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Cep_car_sticker_6Priscilla Cullen is Secretary to the Campaign for an English Parliament 

It is sometimes said that the English do not care about asymmetrical devolution.  The reason they appear not to care is because they have been kept in ignorance of the effects asymmetric devolution has upon them.  The British media and political parties have acted, either deliberately or through ignorance, in such a way as to obscure these issues in England.  The British television media, (unlike Scotland there are no television channels devoted to English affairs), do not explain, when reporting on devolved issues, the difference between the situation in England and that of Scotland. 

Scotland has national newspapers that do report on devolution issues.  England has none. The British newspapers also obscure the differences within the UK that asymmetrical devolution has caused.  Even the Daily Telegraph, no lover of this government, confuses Britain and England when referring to National Health Trusts.

The Labour, Liberal Democrat and Conservative parties issue separate manifestos for Scotland and Wales but do not do so for England.  The manifestos available in England address or refer to Britain or the UK.  The man in the street in Surrey can be expected to believe that the manifesto available to him is applicable to the whole of the UK.  Moreover neither is he aware that greater benefits are being offered to Scotland and Wales by these Parties than they offer to those of us in England although we all pay the same taxes.

Surveys and polls indicate that there is a growing awareness in England of the unfairness of the current situation.  In 2002 an NOP survey of 999 people showed that 47% wanted an English Parliament.  In the same year, following discussion of the issue on a chat show there was a telephone poll.  The result was 94% (14,556 people) voted for an English Parliament.  In 2003 figures from the British Social Attitudes survey showed 23% support for an English Parliament by the people of England, although the Office of the Deputy Prime Minister cynically quotes the figure 16% which is for the whole of the UK. (England was not included in the referenda for Scottish and Welsh devolution!)  In 2004 a YouGov poll of 2390 indicated that 71% wanted some form of national devolution for England.  So at the very least virtually a quarter of the English people, when consulted, want national devolution for England.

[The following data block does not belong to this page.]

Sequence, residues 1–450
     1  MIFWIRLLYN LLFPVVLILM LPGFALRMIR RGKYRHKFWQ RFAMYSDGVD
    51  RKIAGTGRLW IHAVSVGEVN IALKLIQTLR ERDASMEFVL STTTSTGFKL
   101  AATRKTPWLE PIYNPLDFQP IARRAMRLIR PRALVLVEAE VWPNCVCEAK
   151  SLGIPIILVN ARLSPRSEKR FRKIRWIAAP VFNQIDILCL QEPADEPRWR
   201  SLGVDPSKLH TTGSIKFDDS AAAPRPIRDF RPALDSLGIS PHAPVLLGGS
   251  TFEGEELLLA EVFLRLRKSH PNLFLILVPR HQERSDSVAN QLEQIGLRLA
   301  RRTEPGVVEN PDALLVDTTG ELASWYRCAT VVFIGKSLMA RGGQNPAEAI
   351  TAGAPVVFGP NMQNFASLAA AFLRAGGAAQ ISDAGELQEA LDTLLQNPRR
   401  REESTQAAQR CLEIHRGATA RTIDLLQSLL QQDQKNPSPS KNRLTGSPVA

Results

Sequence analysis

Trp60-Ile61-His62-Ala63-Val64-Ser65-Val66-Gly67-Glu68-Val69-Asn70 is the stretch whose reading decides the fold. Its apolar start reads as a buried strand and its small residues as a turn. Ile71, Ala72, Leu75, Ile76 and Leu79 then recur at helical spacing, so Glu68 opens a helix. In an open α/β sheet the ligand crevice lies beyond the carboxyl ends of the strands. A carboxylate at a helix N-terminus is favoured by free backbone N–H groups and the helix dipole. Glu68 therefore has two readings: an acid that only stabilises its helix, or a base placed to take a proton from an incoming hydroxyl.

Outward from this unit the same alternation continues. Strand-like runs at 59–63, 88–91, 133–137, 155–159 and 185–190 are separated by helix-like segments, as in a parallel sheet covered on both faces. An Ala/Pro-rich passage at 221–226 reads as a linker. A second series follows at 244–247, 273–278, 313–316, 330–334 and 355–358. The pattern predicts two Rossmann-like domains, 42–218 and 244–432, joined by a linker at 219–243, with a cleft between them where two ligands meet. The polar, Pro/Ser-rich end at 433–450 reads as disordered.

Constitutionally there are two questions to be answered; the West Lothian and the English.  The first asks:  Why should Scottish MPs in the British Parliament at Westminster be barred from voting on matters internal to Scotland that affect their constituents, but still be able to influence internal matters in England?  No English MP has reciprocal rights in Scotland.  The second asks: Why should MPs from Scotland, whose constituents are not affected and who are thus non-representative, have ministerial portfolios for internal matters in England? 

The Conservative party recognise and attempt to answer only the first question.  However there are glaring constitutional faults in their approach, which can be summarised as follows:

English votes for English measures is a procedural device that can be reversed at any time, English laws will still be proposed by a UK government and scrutinised by a House of Lords, containing members from across the UK.  There is no administration devoted to English affairs and MPs will still vote on UK party lines.  It will create two classes of MPs and does not provide a workable solution for the eventuality of a Government being in power with an overall majority but without a majority of English seats.

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